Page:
"Has everybody eaten already?" asked Brown. "Because you look a little hungry to me."
The governor mixed humor and honesty for about 25 minutes in an effort to -- if not win over the crowd -- get them to acknowledge that the budget choices the state faces are all bad.
"Remember," he said, "as this mess built up, the evasions, the tricks and the gimmicks, I was down there in Oakland, or I was over in Calcutta with Mother Teresa. Or maybe over, years before, with Linda Ronstadt in Africa."
You probably don't have to guess which of those references is the only one worth pointing out.
Brown's eight years as mayor of Oakland are noteworthy for a number of things, including his push to revitalize the city's inner core... often the use of redevelopment funds.
Now, as governor, Brown is proposing the abolishment of all redevelopment agencies in California, some 400 in all, taking their future shares of property taxes ($1.7 billion next year) and funneling it to other government expenses while honoring the debts currently on the books for construction projects large and small.
Brown was often quoted while mayor as an energetic supporter of Oakland's many redevelopment projects, including the restoration of the city's historic Fox Theater (which, incidentally, he used for his election night celebration last November).
And the governor acknowledged his zeal for the Fox Theater, in particular, in this afternoon's speech.
"Tens of millions of dollars," he said. "I don't know that I would've gotten it any other way. So, I'm sure glad I got it built before this damn budget came out!"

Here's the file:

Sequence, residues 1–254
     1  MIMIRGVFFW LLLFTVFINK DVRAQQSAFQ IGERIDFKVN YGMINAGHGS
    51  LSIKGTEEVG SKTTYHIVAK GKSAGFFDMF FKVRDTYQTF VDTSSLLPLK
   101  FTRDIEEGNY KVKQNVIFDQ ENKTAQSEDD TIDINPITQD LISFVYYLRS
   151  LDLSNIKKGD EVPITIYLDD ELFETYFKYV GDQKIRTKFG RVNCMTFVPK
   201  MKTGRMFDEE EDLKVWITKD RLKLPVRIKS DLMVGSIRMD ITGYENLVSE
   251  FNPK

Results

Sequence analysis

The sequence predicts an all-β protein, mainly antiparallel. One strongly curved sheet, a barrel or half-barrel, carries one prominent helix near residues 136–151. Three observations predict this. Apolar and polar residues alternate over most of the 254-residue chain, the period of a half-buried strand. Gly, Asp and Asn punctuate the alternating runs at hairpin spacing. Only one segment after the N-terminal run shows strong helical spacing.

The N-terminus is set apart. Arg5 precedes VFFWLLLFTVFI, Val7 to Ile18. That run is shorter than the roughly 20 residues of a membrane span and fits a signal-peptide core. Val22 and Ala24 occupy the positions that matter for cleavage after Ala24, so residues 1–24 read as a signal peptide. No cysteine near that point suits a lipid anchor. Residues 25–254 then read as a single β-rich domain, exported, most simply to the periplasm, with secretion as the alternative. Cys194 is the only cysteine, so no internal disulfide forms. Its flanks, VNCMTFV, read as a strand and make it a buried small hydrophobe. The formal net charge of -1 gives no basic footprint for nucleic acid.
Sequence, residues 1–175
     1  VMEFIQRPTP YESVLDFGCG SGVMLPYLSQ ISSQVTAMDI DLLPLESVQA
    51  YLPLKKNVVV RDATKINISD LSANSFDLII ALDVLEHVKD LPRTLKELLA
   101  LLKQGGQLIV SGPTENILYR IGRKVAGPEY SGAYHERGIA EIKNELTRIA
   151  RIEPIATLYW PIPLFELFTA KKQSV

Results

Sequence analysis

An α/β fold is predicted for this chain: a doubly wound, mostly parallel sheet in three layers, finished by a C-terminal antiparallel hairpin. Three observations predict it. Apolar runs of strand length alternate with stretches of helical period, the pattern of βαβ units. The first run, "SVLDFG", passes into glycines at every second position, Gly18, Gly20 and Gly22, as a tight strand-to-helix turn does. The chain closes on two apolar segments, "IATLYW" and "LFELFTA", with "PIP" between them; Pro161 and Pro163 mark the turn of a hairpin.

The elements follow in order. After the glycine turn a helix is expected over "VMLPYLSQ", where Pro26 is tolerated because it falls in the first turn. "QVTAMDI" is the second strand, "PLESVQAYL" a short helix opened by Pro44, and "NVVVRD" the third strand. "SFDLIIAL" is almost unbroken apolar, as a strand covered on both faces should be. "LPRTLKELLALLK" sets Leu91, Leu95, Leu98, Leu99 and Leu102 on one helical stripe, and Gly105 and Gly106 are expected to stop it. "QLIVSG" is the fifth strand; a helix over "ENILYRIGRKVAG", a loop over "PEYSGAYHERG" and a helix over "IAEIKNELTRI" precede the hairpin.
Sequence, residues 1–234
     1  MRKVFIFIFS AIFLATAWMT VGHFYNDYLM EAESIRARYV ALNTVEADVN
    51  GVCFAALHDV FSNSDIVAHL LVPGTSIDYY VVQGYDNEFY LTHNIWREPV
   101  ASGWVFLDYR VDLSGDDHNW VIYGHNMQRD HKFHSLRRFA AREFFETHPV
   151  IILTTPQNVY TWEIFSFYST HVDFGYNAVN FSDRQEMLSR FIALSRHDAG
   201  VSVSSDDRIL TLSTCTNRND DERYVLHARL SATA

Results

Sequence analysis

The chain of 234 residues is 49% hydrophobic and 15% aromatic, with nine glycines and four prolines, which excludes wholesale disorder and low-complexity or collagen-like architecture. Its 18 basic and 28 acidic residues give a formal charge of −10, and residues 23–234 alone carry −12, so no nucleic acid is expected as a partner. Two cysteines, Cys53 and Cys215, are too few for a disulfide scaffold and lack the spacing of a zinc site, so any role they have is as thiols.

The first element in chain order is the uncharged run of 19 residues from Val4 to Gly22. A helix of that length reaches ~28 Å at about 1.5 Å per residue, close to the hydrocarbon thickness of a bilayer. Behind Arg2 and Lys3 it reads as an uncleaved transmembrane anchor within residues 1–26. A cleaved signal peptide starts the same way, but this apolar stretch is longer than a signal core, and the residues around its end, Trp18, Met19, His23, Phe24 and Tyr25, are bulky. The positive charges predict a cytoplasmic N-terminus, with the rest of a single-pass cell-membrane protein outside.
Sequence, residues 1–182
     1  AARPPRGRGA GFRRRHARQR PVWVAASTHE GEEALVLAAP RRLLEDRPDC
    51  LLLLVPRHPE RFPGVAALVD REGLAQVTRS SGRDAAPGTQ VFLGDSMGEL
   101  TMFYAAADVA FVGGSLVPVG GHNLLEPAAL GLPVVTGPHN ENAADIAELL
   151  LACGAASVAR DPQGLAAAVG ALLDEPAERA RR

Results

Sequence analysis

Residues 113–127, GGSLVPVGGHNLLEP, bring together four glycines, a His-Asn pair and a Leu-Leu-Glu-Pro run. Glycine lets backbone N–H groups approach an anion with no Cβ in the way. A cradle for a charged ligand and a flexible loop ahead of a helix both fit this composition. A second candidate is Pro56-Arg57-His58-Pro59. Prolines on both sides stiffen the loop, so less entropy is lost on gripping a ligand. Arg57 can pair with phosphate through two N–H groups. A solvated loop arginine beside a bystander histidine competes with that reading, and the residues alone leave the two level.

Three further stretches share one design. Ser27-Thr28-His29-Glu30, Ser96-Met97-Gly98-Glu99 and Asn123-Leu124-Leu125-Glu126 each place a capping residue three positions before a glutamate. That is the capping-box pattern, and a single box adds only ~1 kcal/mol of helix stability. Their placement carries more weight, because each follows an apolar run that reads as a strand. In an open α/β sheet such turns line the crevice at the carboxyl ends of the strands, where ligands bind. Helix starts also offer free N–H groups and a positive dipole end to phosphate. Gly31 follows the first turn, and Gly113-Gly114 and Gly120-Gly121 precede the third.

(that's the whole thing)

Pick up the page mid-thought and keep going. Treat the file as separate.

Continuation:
The crowd laughed, and then Brown added another, perhaps unintended joke: "That's why you've gotta move fast in this business."
Heeding that advice, as many as a dozen cities and counties across California have taken action in the last few days to commit to spending redevelopment funds ASAP, thus ensuring those projects would be grandfathered in to obligations that would be honored. In some cases, city redevelopment agencies met over the weekend or even on the Monday holiday.
Brown told reporters he would consider calls by some at the state Capitol for a temporary freeze on such quickie redevelopment actions.
The governor was right to consider his budget proposal a tough sell in the audience.
"City officials are convinced this is the only program in the state that is producing new jobs today," said Chris McKenzie, executive director of the League of California Cities. "Abolishing the most important jobs program in the state of California? We're going to fight that, and we're going to fight that with everything we have."
And Governor Brown acknowledged that opposition in his remarks, urging local officials to propose their own deficit reduction alternatives if they don't like his.
"Those of you who'd like to argue a little longer, or advocate, well, maybe come on over," said Brown motioning to the Capitol across the street. "I'll give you a cup of coffee."